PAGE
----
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Wheat & Small Grains Blythe Howell, Small Grains Extension

“The Vagaries of Varieties” Podcast

Episode 43 of Wheat All About It! is an interview with Ryan Higginbotham about the Variety Testing Program. Ryan Higginbotham, director of Washington State University’s Variety  Selection & Testing Program, looks back over the 2016/2017 wheat growing season from the perspective of someone who farms throughout Eastern Washington’s diverse precipitation zones in the first of… » More ...

Evaluate Soil Test Results for Applications of Nutrients

The application of some micronutrients has been shown to increase winter and spring wheat production yields. A full analysis of soil samples will provide information as to which essential nutrients are deficient and providing limited availability to the young plants as they develop. Recent research results have shown the potential to increase winter wheat yields… » More ...

New Herbicide Mechanism of Action Tool for Pulse Crop Growers Available

Herbicide-resistant weeds are a growing concern in the Pacific Northwest, the US, and globally. One of the key tactics in the fight against herbicide-resistant weeds is to alternate or combine herbicides with different modes of action, however, it is often difficult for growers to know what active ingredient(s) are in the jug they just bought and… » More ...

National Survey Shows Cover Crops Improve Wheat Yields

A 2017 USDA SARE (Sustainable Agriculture Research and Education) national survey of farmers showed that cover crops boosted subsequent wheat yields by 1.9 bushels/acre (2.8%). Farmers also reported using cover crops to aid in weed management, especially where herbicide resistance was a problem. While cover cropping has been a trendy discussion topic in agriculture in… » More ...

USDA September 1 Stocks Estimate Suggests Flat Prices Through 2017: Quick Market Update

USDA released their September 1 grain stocks estimates on Friday, September 29, 2017.  For wheat, this represents the inventory being carried into the second quarter of the marketing year (the wheat marketing year goes from June 1 through the following May 31).  In recent years, the second quarter wheat inventory has been a pretty reliable… » More ...

WSU Offers First Two-Day Workshop on “Unmanned Aerial Systems in Agriculture”

Drone in flight via two men with remote control.
In the past few years, unmanned aerial systems (UAS) or drones have fascinated growers, crop service providers, and researchers alike with versatile imaging and non-imaging application capabilities. The Agribusiness industry is trying to keep up with rapid developments in this sector. As stakeholders are exploring the suitability of the drones in agricultural production management, the… » More ...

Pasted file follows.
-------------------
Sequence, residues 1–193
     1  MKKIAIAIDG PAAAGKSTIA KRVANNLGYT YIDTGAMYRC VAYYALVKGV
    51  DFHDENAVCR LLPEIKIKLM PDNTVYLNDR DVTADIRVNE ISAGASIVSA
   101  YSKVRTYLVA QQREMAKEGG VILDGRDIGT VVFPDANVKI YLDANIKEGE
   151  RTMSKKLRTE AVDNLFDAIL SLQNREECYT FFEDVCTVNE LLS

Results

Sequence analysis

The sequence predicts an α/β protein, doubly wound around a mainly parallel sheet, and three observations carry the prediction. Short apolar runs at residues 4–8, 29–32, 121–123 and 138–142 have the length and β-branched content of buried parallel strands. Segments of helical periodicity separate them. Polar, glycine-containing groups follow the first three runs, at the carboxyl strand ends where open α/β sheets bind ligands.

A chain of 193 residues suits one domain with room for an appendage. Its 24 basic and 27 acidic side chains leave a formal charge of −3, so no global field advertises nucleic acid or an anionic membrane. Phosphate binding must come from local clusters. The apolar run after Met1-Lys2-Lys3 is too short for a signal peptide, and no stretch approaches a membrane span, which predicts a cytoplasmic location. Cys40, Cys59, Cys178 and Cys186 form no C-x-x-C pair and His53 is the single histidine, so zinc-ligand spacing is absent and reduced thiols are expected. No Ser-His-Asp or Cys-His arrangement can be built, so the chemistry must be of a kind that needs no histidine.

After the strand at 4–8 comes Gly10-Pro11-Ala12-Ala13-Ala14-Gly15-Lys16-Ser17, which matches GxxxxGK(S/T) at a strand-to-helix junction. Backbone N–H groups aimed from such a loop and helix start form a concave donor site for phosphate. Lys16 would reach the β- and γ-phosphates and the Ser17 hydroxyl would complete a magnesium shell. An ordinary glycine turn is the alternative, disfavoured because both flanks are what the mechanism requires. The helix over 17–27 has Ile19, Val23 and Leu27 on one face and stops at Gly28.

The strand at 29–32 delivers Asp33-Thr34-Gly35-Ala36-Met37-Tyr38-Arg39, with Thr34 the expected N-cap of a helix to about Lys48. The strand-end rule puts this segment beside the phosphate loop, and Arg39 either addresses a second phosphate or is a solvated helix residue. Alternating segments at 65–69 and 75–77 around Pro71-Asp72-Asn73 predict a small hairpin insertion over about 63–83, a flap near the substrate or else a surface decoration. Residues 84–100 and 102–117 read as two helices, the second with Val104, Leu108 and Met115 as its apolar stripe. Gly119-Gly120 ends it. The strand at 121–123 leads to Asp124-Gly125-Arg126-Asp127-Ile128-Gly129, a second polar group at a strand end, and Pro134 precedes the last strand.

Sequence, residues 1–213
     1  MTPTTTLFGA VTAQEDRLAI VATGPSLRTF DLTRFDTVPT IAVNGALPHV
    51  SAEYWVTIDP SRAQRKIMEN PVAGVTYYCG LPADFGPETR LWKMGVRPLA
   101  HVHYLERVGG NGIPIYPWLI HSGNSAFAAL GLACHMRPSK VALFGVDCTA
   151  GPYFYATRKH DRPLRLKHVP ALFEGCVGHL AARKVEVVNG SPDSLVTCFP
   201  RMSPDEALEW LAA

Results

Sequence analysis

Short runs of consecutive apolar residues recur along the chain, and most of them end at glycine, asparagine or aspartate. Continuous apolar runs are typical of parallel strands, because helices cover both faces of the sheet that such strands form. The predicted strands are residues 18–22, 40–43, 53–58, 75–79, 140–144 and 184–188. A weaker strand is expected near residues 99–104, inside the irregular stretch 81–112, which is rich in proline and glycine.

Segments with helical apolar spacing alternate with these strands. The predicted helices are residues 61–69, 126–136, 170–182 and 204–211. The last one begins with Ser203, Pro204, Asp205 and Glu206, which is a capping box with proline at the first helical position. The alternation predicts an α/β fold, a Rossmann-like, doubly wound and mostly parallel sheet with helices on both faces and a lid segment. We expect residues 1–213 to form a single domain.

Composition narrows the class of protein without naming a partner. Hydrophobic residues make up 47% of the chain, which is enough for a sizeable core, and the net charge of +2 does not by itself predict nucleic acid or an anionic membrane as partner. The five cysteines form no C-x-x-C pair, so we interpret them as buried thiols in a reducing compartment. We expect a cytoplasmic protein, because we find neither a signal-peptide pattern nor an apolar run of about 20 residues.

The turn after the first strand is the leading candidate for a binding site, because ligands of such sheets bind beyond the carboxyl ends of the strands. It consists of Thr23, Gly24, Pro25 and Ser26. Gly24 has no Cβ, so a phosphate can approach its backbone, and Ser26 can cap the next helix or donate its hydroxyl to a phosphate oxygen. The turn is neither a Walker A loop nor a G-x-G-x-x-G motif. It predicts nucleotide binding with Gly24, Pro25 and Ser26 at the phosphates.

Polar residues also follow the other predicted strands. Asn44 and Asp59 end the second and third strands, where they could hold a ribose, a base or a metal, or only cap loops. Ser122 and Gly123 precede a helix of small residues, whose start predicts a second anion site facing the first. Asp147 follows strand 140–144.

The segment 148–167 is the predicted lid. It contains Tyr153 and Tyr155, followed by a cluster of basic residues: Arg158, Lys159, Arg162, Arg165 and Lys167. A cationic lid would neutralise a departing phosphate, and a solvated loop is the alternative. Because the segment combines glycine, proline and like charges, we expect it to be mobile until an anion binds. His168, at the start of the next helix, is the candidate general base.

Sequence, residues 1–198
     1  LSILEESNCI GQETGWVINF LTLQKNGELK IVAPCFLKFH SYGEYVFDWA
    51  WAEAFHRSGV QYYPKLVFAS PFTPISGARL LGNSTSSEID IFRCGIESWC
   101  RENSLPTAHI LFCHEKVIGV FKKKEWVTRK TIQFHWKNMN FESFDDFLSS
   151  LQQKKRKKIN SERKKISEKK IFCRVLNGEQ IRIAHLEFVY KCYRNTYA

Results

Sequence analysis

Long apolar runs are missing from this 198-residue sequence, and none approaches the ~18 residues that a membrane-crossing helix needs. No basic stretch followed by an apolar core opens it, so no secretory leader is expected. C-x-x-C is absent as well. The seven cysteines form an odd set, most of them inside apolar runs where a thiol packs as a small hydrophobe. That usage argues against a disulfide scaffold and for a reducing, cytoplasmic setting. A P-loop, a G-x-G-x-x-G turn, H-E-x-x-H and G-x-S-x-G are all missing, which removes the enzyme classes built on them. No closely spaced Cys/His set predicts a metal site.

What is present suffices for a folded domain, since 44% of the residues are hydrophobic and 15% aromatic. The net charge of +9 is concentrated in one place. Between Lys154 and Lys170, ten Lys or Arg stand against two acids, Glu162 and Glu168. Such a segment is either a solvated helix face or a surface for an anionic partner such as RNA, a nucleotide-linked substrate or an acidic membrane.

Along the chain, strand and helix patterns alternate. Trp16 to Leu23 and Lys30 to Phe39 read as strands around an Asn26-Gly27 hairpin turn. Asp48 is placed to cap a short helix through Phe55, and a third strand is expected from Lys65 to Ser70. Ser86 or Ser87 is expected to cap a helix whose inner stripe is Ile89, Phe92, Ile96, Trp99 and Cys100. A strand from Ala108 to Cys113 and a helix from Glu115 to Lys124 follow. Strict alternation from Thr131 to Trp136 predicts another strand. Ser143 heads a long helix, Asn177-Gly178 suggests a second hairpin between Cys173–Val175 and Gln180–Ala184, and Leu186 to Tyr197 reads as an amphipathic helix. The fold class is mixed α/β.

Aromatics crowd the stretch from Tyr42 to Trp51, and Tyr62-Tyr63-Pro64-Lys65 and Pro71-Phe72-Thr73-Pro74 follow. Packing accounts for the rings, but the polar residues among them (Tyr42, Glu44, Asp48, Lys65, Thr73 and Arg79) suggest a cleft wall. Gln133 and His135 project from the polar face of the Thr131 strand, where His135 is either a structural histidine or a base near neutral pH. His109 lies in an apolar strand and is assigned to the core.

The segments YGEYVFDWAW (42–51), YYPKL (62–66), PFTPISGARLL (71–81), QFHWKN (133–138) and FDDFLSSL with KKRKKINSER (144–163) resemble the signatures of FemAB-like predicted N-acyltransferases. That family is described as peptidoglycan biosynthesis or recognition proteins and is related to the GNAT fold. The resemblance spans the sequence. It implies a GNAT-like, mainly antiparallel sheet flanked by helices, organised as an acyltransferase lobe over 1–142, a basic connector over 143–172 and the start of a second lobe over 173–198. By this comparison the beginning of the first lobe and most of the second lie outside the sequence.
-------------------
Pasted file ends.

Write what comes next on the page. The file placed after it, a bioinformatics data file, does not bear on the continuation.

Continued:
2017 WSU Variety Testing Results

Winter wheat harvest results from the 2017 WSU Cereal Variety Testing Program are complete and posted on our website.  Spring wheat and barley results will be added as soon as they are available.  Winter wheat results have been uploaded to the Variety Selection Tool. The interactive selection tool presents you with a two-year average of… » More ...

Why It Is Important To Calibrate Your Seed Drills

Some producers across the state are in the middle of harvest while others have sent the last grain truck to the elevator and are getting geared up for seeding. An important question to ask your self is this: can I set the notches on the drill to a seed index of 45 and not look back? Even with a new drill, the answer should be “No”. Everyone has their preferred seed drill whether it is an old John Deere HZ drill or one of the new air seeders. No matter the type of seed drill used, one should always calibrate to ensure proper seeding rates. If too much seed is going out, one could be wasting dollars. Also, your yields will likely suffer if plants are competing against each other, so, after you have chosen your variety, make sure to calibrate your drill. If you plant too little seed, your fields won’t produce to its full potential. You’ll have more weed pressure and disappointing yields. Because drills meter by volume and seed is planted by weight, the only way to be sure you’re seeding at the right rate is to calibrate your drill.

Make sure to check out our Seeding Rate Converter that can help with the calibration process.

The YouTube video titled “Seed Drill Calibration” demonstrates a step-by-step process for calibrating a seed drill

Here is a PDF titled “Ready. Set. Seed” was presented at the 2014 Direct and Oilseed Cropping Systems Conference in regards to planting canola. 


Dale Whaley, Regional Extension Specialist in Integrated Weed Management and AgricultureFor questions or comments, contact Dale Whaley by phone at (509) 745-8531 or by email at

Washington State University